In the two years since Germany’s president, foreign minister, and defense minister signaled that their country would take on a larger role in international affairs, the country’s leaders have received a crash course in geopolitical realism. The challenges Germany has had to face include Russia’s annexation of Crimea, the conflict in eastern Ukraine, the explosion of Syria, terrorist attacks in Europe, and an unprecedented influx of refugees.
These crises have greatly increased Germany’s international profile. And yet the country’s reemergence as a major player on the world stage must be tempered with the recognition that its power depends on cooperation with its partners and the development of a strong, unified European foreign and security policy.
Germany’s embrace of a more active global role has taken place within a rapidly changing geopolitical landscape – one in which German and other European leaders have had to accept that most of the rest of the world does not share their preference for multilateral decision-making. They have also had to come to terms with the fact that the United States is no longer prepared to take the lead in every crisis, and that rising global powers – such as China, India, and Brazil – are not yet prepared to contribute effectively to maintaining a stable global order.
Meanwhile, the dividing lines between domestic and international affairs have become increasingly blurred. The refugee crisis, for example, demands policy interventions in areas as diverse as defense, development aid, European integration, domestic security, and social-welfare policy.
Increasingly, the challenges Germany is facing have become intertwined; terrorism, the Syrian civil war, Russian aggression, and refugee flows are interacting in dangerous and unpredictable ways. Nor are any of these crises likely to be easily contained or quickly resolved; each will have to be managed over the long term.
And given its high degree of integration into the global economy, Germany is vulnerable even to distant developments. For example, preventing military conflict and maintaining maritime freedom in the South China Sea is clearly in Germany’s interest.
To their credit, Germany’s leaders, recognizing the important role their country can play, have taken the diplomatic lead with Russia over its intervention in Ukraine. Moreover, Germany was a key participant in the nuclear negotiations with Iran, and it has been deeply involved in the effort to find a political solution to the Syrian civil war. Germany also assumed the 2016 presidency of the Organization for Security and Cooperation in Europe.
On the military front, Germany has beefed up its contribution to NATO measures to bolster defenses in the Baltic region and Central Europe, and it has become increasingly open to contributing military forces to interventions in crises outside the alliance’s area. It has participated in United Nations peacekeeping efforts in Mali, prolonged its engagement in Afghanistan, supplied weapons and training to forces in northern Iraq, and provided reconnaissance flights and other assistance to French military strikes against the Islamic State in Syria.
German policymakers are aware that their international partners expect this type of leadership to become the norm, and they have demonstrated an interest in expanding Germany’s rising influence. As a medium-size power however, Germany cannot be present everywhere; maintaining a broader international footprint will require cooperation with allies and partners around the world.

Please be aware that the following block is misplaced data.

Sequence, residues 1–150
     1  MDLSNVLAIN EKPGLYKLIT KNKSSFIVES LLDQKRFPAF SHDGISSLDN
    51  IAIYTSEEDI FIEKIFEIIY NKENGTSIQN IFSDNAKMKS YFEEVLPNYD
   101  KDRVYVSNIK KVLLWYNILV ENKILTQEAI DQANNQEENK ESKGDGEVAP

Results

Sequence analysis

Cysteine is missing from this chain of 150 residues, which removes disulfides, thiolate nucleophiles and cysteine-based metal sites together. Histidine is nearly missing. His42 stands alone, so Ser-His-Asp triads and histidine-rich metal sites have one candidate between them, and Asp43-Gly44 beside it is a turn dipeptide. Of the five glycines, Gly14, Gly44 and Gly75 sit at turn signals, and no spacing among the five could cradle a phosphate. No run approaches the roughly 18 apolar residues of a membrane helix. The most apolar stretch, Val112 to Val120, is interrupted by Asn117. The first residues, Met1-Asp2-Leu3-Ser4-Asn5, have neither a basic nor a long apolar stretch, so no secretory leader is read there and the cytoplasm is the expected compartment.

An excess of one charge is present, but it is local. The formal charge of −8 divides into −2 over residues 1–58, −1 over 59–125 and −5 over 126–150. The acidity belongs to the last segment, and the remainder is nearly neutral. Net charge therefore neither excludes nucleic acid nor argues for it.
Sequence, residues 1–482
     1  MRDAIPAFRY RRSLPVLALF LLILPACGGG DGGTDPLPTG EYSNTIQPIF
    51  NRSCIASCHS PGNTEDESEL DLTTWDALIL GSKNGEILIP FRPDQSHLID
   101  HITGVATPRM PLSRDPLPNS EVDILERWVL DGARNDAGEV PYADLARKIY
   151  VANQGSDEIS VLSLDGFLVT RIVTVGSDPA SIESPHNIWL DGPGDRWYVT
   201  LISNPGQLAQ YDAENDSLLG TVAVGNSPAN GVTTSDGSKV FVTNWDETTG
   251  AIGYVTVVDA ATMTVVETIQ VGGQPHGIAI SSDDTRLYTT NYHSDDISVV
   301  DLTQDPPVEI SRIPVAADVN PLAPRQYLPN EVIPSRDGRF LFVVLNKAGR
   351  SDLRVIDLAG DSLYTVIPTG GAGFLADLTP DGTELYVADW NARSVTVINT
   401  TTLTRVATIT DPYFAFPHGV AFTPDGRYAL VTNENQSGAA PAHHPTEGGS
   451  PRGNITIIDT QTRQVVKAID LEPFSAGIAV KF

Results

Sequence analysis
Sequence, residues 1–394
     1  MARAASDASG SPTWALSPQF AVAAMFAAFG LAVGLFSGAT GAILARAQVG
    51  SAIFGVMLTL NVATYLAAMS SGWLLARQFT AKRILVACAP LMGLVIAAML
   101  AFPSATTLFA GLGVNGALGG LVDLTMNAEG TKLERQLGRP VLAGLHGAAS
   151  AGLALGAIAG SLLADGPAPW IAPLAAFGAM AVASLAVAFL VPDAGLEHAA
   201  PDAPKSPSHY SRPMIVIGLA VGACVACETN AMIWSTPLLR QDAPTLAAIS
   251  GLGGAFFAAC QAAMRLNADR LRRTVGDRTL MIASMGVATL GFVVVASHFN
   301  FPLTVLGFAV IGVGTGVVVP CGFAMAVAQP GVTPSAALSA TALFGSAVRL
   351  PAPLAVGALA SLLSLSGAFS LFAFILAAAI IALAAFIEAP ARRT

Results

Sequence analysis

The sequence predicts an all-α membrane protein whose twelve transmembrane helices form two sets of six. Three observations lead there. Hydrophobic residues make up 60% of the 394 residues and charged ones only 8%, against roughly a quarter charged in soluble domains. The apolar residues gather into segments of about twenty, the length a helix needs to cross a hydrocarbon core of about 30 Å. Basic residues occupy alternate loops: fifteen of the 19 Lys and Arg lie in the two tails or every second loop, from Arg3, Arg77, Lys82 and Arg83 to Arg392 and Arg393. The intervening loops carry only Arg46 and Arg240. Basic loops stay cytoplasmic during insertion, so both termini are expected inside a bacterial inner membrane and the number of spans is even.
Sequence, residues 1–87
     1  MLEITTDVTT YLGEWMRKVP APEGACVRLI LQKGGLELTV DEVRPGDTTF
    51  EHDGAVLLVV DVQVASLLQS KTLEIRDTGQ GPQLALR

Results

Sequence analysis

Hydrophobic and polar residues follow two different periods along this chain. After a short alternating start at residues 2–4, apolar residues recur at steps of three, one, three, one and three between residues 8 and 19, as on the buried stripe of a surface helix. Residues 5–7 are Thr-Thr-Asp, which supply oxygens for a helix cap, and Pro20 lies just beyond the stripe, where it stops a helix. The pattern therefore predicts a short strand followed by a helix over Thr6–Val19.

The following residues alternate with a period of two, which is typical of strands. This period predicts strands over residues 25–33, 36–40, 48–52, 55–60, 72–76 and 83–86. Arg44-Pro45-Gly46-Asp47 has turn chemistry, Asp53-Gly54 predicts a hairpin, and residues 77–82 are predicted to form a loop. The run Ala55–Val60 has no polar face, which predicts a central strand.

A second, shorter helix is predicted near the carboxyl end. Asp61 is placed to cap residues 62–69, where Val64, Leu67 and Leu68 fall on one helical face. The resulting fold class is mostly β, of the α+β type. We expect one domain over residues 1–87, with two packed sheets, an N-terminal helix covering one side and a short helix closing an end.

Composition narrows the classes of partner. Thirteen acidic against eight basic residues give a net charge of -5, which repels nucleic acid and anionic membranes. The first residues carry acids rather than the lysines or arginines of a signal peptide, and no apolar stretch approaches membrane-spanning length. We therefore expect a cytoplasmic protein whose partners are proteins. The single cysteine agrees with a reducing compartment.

Indeed, the more Germany leads, the more dependent it becomes on other international actors – most notably its European Union partners – and the more exposed it becomes to fluctuations in the geopolitical environment. For example, China’s regional posture and its strategic relationship with the US will influence German efforts to find multilateral solutions to global challenges like climate change or cyber threats.
As Germany continues to lean forward internationally, it can be expected to increase spending on foreign policy and international security. To be sure, Berlin has yet to meet NATO’s target of 2% of GDP for defense spending. Like most other states, it has also failed to meet the internationally agreed commitment to spend 0.7% of GDP on official development assistance. But, unlike some of its partners, Germany has not slashed its defense budget, and it has substantially increased funding for diplomacy.
Nonetheless, even as it has increased its capacity to provide military forces for UN, NATO, or EU operations, Germany has made clear that it does not view itself as a military power. German policymakers continue to believe that political and economic means of influence are more effective than violence, implying further development of soft-power tools, including digital diplomacy. They are also eager to develop more “networked” national and European foreign policies that take into account the activities and possible contributions of non-state actors.
For the time being, Germany’s main foreign policy priorities are likely to remain the EU and the continent’s eastern and southern neighbors – from which immediate security risks are most likely to emanate. This would be a wise choice. Germany and its EU partners will be most effective when managing conflicts, stabilizing governments, or supporting economic and political transitions in their immediate neighborhood.
Furthermore, given today’s extraordinarily turbulent geopolitical environment, Germany has a fundamental interest in championing the development of the EU’s foreign policy and security institutions. As much as German policymakers might enjoy the growing demand for their contributions to international politics, the country’s membership in the EU remains its most potent source of power and security.